LWOP: It’s not the S.M.A.R.T. thing to do

May, Brett A.

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LWOP: IT’S NOT THE S.M.A.R.T. THING TO DO By Brett May If you look to society, especially in America, the predominant model that drives success is the incentive based model. As an example, if you are a District Attorney and you’re looking to promote, a healthy number of abiding convictions alongside your personal ambition will take you there. In any given field of employment, both government and private sector, there are specific and readily identifiable benchmarks (or quotas) that can be incrementally met, in order to climb the ranks. Even from a social standpoint the same set of rules apply. Within the context of a social hierarchy, upward mobility can be incentivized, and even leveraged to move from one rung of the ladder to the next. Only when you descend the rungs of our society, well beneath our impoverished people, will you find America’s lowliest social class — our incarcerated people. There you will discover the exception to our nation’s incentive based models, and capitalistic rule(s). As an incarcerated person not sentenced to death, at least in theory, there is a clearly defined pathway to reenter the society you offended. At the very least, the possibility of such a path exists. With the exception of one distinct marginalized group, where no such pathway exists, an inhumanity that is being practiced in the United States of America — the men and women who are serving sentences of Life Without Parole (LWOP). For every other class of incarcerated people on the planet (not condemned to death by execution), human lives are considered redeemable and treated as such. Starting at day one in the reception center, after having been processed into the California Department of Corrections and Rehabilitation (CDCR); there is an individual-specific case plan put in place to reintegrate parolees back into society successfully. That plan is (S.M.A.R.T.): Specific, Measurable, Action-oriented, Realistic and Time-bound. These plans are what incentivize offenders to rehabilitate themselves and measure the offender’s success. These plans are brilliant, with the exception of one thing — they exclude LWOP’s. For those who have taken the solemn oath to be guided by justice and not their own ambitions — incentivizing rehabilitation is the SMART thing to do. With respects to those who recidivate, statistics speak loudly. Former lifers who have served substantial amounts of time are the least likely of our incarcerated population to reoffend. LWOP’s whose sentences have been commuted and found suitable through the Board of Parole Hearing have a 0% recidivism rate. It is the low level offenders, who commit crimes that are often indicative of underlying drug addictions; or those who commit chronic predatory crimes (such as serial sex offenders) who are the most likely to reoffend. These particular types of crimes are the symptoms and manifestations of sicknesses that cannot be cured by incarceration. I am by no means likening the two because they’re two different sicknesses entirely. But I reference these specific crimes for the purpose of contrast. My LWOP experience has taught me that the LWOP community has most often committed crimes that are symptomatic of unexamined and unattended traumas. Trauma that is capable of being healed, and even cured, with cognitive intervention and therapy, over the span of doing time. Incentive based sentencing is an effective way to administer criminal justice. Crime deterrent models and sentences with no hope are not. They simply do NOT create a safer society. They reason that criminals are educating themselves about crime and punishment prior to committing crimes; which is a fallacy. The reality is, most people know very little about the criminal justice system. Unless they are studying to become an attorney, or out of necessity because they committed a crime. The smart thing for us to do as a society, is to incentivize rehabilitation across the board, utilizing S.M.A.R.T. goals incentive based models. It’s the most cost effective and fiscally responsible thing to do. But more importantly, it’s the moral thing to do as Americans. We as human beings are not judged by how we treat our athletes and our celebrities (those we tend to revere) — rather, we are judged by how we treat our impoverished and our imprisoned (those we tend to cast aside as broken objects that cannot be fixed). LWOP, in theory and in practice, it’s NOT the S.M.A.R.T. thing to do.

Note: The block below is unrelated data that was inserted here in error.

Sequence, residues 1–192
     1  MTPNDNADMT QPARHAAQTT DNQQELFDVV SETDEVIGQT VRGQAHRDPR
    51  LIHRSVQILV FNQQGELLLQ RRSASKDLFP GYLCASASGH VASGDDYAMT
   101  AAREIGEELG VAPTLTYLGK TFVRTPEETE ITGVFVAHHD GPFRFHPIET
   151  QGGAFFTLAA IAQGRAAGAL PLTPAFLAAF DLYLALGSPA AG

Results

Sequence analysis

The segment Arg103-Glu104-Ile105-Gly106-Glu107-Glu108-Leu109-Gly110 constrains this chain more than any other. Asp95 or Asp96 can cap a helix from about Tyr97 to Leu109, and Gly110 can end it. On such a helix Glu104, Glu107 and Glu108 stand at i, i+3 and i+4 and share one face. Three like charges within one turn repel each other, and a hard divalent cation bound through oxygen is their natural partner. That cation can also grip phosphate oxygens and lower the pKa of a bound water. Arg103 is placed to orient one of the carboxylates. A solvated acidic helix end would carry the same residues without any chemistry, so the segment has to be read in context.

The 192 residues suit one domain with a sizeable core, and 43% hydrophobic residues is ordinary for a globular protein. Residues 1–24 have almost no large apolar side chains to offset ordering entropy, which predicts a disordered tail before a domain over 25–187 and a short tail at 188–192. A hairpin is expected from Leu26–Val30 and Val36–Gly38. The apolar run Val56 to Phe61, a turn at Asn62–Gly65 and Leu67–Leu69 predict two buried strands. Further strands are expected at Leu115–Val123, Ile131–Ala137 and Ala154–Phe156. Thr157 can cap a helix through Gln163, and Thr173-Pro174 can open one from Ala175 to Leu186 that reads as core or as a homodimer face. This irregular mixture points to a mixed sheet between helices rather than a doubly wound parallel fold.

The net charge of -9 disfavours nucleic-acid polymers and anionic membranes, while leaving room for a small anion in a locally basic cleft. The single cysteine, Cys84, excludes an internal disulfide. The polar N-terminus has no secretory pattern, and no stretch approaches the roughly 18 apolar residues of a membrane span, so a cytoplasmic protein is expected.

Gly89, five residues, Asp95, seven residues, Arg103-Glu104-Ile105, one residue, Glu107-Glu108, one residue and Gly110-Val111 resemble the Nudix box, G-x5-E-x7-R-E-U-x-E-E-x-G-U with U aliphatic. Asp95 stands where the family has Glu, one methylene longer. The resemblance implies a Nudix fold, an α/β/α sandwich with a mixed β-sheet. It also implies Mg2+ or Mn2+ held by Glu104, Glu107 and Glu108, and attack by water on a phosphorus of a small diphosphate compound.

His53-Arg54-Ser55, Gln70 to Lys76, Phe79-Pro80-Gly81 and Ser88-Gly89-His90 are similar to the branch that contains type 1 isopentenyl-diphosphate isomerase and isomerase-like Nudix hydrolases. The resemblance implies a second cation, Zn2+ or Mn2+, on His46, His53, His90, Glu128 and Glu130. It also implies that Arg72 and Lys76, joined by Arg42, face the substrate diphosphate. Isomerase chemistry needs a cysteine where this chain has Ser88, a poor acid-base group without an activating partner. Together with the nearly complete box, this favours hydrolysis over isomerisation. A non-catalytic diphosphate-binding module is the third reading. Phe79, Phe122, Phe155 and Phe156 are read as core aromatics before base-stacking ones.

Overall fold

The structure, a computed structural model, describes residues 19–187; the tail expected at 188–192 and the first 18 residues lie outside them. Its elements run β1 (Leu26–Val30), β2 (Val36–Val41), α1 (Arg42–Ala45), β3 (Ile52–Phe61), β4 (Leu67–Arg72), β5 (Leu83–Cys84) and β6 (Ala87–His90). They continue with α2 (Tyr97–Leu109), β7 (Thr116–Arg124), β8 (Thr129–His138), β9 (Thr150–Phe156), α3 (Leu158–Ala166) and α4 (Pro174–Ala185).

Author: May, Brett A.

Author Location: California

Date: 2022

Genre: Essay

Extent: 2 pages

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